With soccer, to be a fan of Colo-Colo is the only aspect of my heritage I've never questioned. At 12, 13 years old, one sees much of the world as a function of the family. But then I started to disengage, in all senses of the word, which led to literature and whatever didn't have to do with my family. Your opinions aren't the same as those of your parents. Everyone goes through this. I never questioned it. Parents don't only try to make you think like them—they also want you to like what they like. But I always rejected the things my father liked because my father did everything well. If he was playing dominoes, he had to learn the logic behind it and I would get bored.

      Later in the 90s I started to think that soccer was a substitute for real debates.

      On Noisey, check out 'The Psychedelia of Santiago: South America's Hotbed of Retro Rock'

      Like the week when the Copa América was in Chile...
      Like that week. I have an ambiguous relationship with soccer, too. It reminds me of the parody on The Simpsons about soccer: There's a play-by-play announcer talking about the game with lots of enthusiasm, but what you see are two guys passing the ball back and forth in the middle of the field. It can seem really boring, but it's a pleasurable boredom because it's so simple. The experience of going to a stadium made me like soccer. There's this collective venting, the people say everything, you're allowed to say anything. When I was young, they didn't always show the games on TV, or only a few, so I taped them on the radio and listened to them later. Games on the radio are absolutely like literature—the metaphors, the pacing, the need for an evolving style. You can't always say the same thing. The role of the play-by-play announcer seems much more interesting to me than that of the color commentator. In the end, the announcer is the narrator and the commentator is the literary critic [laughs].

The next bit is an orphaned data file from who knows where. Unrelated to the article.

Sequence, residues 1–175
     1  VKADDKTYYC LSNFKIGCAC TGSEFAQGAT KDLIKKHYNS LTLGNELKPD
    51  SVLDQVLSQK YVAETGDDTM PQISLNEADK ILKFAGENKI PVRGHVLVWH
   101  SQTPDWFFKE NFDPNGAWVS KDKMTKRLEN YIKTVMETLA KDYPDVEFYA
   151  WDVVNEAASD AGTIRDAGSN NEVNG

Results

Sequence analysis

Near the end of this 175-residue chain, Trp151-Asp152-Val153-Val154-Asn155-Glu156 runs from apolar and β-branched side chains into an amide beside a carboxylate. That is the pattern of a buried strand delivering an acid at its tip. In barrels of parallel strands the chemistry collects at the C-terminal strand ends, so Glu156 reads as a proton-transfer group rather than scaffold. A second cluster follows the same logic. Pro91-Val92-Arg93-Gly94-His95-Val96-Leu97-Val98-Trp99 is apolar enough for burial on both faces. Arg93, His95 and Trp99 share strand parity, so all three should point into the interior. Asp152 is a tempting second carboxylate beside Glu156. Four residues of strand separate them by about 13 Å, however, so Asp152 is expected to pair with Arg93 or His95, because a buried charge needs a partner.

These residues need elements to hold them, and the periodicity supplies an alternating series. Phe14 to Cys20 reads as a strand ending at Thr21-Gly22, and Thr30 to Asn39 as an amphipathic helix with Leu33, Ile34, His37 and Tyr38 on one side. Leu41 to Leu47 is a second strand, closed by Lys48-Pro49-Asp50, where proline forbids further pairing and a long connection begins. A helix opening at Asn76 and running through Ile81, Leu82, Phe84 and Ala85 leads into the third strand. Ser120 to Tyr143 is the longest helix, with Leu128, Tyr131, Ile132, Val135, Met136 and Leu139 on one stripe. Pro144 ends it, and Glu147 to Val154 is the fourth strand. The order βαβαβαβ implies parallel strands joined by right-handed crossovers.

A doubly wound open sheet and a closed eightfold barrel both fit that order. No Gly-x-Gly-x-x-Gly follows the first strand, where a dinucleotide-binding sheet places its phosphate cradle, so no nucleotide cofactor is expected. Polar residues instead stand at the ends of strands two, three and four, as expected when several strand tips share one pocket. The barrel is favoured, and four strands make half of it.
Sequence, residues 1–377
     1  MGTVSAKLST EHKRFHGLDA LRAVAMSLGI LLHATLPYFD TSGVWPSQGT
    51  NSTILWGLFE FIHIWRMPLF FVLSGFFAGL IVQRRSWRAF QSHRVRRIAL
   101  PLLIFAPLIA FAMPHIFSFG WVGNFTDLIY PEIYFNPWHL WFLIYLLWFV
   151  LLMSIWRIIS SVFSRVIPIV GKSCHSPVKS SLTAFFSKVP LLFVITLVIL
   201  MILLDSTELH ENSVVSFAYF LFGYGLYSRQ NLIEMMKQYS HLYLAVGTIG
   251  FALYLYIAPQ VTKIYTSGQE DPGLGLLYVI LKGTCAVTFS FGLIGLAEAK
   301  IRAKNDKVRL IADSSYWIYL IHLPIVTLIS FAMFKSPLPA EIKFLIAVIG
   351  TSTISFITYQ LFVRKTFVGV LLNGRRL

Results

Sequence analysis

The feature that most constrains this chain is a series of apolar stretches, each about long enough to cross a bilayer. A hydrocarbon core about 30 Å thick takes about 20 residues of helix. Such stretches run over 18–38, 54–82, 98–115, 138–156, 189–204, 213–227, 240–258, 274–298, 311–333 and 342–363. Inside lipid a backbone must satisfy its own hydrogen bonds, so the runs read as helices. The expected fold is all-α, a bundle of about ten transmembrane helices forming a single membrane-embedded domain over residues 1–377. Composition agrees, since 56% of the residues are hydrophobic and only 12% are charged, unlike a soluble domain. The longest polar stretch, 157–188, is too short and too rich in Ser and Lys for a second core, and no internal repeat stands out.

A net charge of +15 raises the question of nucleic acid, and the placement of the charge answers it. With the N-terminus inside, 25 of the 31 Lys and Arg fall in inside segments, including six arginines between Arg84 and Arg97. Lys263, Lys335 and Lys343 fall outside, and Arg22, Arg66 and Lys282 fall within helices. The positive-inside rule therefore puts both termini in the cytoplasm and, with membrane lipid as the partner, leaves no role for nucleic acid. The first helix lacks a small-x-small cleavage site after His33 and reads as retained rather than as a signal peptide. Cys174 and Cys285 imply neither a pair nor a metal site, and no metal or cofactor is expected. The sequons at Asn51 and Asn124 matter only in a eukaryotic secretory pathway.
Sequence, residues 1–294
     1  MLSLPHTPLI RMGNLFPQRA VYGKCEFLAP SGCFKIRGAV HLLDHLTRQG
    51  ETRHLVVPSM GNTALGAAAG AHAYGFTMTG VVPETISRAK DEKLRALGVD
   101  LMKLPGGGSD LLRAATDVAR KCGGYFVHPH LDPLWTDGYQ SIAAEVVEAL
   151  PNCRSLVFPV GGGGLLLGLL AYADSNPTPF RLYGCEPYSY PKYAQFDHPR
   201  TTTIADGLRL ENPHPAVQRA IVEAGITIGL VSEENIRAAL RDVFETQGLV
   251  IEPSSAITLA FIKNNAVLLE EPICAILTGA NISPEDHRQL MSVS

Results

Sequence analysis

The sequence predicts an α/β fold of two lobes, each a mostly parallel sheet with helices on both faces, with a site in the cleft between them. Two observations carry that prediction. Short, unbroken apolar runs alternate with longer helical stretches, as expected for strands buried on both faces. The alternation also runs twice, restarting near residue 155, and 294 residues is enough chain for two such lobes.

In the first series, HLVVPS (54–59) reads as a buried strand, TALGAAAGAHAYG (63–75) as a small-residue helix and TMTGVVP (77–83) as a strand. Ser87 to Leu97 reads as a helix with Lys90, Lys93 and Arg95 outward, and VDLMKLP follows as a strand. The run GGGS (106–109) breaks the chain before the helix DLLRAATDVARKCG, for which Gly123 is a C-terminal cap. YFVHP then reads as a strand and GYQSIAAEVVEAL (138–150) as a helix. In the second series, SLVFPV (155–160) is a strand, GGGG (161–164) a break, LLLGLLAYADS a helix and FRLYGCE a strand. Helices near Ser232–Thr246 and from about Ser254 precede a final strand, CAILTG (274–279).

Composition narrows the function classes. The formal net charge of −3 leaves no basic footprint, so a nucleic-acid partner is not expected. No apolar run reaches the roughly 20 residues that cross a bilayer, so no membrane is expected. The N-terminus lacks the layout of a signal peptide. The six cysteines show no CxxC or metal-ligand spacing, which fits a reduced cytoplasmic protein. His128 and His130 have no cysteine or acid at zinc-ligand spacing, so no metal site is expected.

From 'The Simpsons'